The 6 key trends for the sharing economy in Australia for 2016

| January 13, 2016

Surprised by the take-up and acceptance of sharing economy services in Australia?

I see six key trends coming up this year for the sharing economy.

1. The power of sharing is growing

2015 was a massive year for the sharing economy in Australia with a seismic shift in consumer behavior:

·         Under mounting pressure from 1 million consumers, Uber was legalised in both the ACT and NSW and now has more drivers in Sydney than there are taxi drivers;

·         AirBnB grew 100% to over 50,000 properties across Australia, and is expected to grow to 100,000 in 2016; and

·         A whole host of new and niche sharing platforms now provide access previously only available via ownership or cost-prohibitive alternatives.

Mass adoption of the sharing economy is now well upon us, with the widespread use of services such as:

·         Uber for ride-sharing;

·         AirBnB for accommodation sharing;

·         CarNextDoor and GoGet for car sharing;

·         Airtasker and HiPages for micro-jobs;

·         MadPaws for pet sitting; and

·         Spacer for self-storage.

These are increasingly being recognised as household names.

2. The rapid shift is a cultural and generational thing

Technology, environmental and cost concerns are contributing factors to changing consumer behaviour and mindset:

·         Culturally, there is a shift in thinking whereby Gen Y and Millennials are interested in experiences over things and immediacy over security. Modern consumers want convenience, flexibility and customized services on demand;

·         Consumers are able to do more with less by sharing or exchanging items instead of buying new ones without the capital costs and maintenance burden of ownership;

·         Confidence and trustworthiness in sharing has now been established by Uber and AirBnB, with new participants piggybacking off their established reputations;

·         An increasing awareness of the global footprint that follows unnecessary production encourages people to change the way they fulfill their needs. Our experience at Spacer is that on top of commercial benefits, Hosts feel a sense of strong community benefit from sharing, an interesting motivator for sharing economy participants.

·         As P2P services continue to broaden, everyday behavior is shifting towards hyper-local,personalisedservices, such as local petsitting or babysitting marketplaces. Ironically, the global delivery platform (internet) is driving greater local community interaction in a culture where knowing our neighbours has practically disappeared.

3. The rise of B2C and B2B in a P2P world

The cultural shift in behaviour has got big and small business interested. Uber is valued at 3x the market cap of Woolworths, Australia’s largest grocery chain. Business owners are scrambling to develop strategies not only to compete with sharing disrupters, but actively participate and partner with others to ride the sharing wave. A recent example of this is General Motors investment in ride-sharing service Lyft.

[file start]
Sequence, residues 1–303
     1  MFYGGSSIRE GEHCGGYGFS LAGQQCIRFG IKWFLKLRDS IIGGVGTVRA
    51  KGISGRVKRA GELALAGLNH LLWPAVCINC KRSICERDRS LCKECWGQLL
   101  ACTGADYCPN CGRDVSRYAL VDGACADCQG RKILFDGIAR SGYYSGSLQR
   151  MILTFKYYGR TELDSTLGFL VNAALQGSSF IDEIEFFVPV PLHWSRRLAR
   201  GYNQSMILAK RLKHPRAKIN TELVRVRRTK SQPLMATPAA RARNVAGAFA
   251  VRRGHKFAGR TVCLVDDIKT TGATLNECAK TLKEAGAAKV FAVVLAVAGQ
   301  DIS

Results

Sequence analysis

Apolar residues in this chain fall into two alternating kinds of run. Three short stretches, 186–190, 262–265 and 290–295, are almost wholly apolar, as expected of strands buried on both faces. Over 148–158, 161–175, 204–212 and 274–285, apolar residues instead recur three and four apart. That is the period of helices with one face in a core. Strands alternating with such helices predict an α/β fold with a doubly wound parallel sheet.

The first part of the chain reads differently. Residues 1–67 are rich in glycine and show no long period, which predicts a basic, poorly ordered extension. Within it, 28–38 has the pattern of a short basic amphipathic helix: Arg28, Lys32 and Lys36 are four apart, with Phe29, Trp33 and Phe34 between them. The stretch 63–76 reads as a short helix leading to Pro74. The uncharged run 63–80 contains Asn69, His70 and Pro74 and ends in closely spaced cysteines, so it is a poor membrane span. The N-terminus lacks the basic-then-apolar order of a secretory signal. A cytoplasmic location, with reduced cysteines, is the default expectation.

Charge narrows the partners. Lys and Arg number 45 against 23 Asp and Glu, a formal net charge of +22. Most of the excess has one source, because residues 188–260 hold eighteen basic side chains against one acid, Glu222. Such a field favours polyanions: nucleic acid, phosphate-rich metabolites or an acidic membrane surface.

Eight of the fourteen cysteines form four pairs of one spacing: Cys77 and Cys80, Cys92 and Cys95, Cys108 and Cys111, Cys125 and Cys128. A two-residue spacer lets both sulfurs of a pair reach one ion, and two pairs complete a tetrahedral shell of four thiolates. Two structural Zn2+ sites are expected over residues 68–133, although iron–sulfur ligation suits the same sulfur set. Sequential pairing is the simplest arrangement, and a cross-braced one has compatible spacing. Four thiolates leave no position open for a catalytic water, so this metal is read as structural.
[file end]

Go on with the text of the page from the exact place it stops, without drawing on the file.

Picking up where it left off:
Interestingly, the Uber experience has shown that in many cases, sharing models maintain — and in the case of ride sharing — increase the overall size of the market, by engaging and providing access to services otherwise unaffordable or unattainable.

B2B sharing is a natural extension of the P2P model. Providing different challenges is a clear trend for the future of sharing.

4. Trends and new models

Collaborative consumption has created the rise of ‘micro-entrepreneurs’ and the ‘gig economy’. Individuals with skills or assets can choose where, when and how often they want to work:

·         More than 30% of the Australian workforce freelance (that’s 3.7 million Australians!) and they contribute $51 billion to the economy;

·         Entrepreneurs do not need to be tech savvy or even business minded – marketplace technology means that any individual can now make extra money, in a trusted, secure environment;

·         Co-working spaces are increasingly becoming popular with both freelancers and start-up entrepreneurs. WeWork, the largest co-working company is already valued at over US$10 billion and has over 40,000 entrepreneurs sharing space within their co-working spaces right across the US. They are now rolling out globally; and

·         Businesses such as Splend (car hire) are now renting out the ‘tools’ to enable individuals to participate in the sharing economy, even where they do not have the assets themselves.

5. Specialist providers of ancillary services to the sharing economy

As the sharing economy grows, so too does the requirement for professional services and products to support the sector. Online sharing resources such as Collaborative Consumption, Shareable and Wholesome Dollar help participants navigate the sharing landscape, and a growing trend is the number of specialist technology SAAS, insurance and legal providers pitching themselves as ‘sharing economy experts’.

6. This is only the beginning

The sharing economy is well and truly upon us. This is only the beginning of a seismic shift in consumer behavior that will have impacts of great proportions.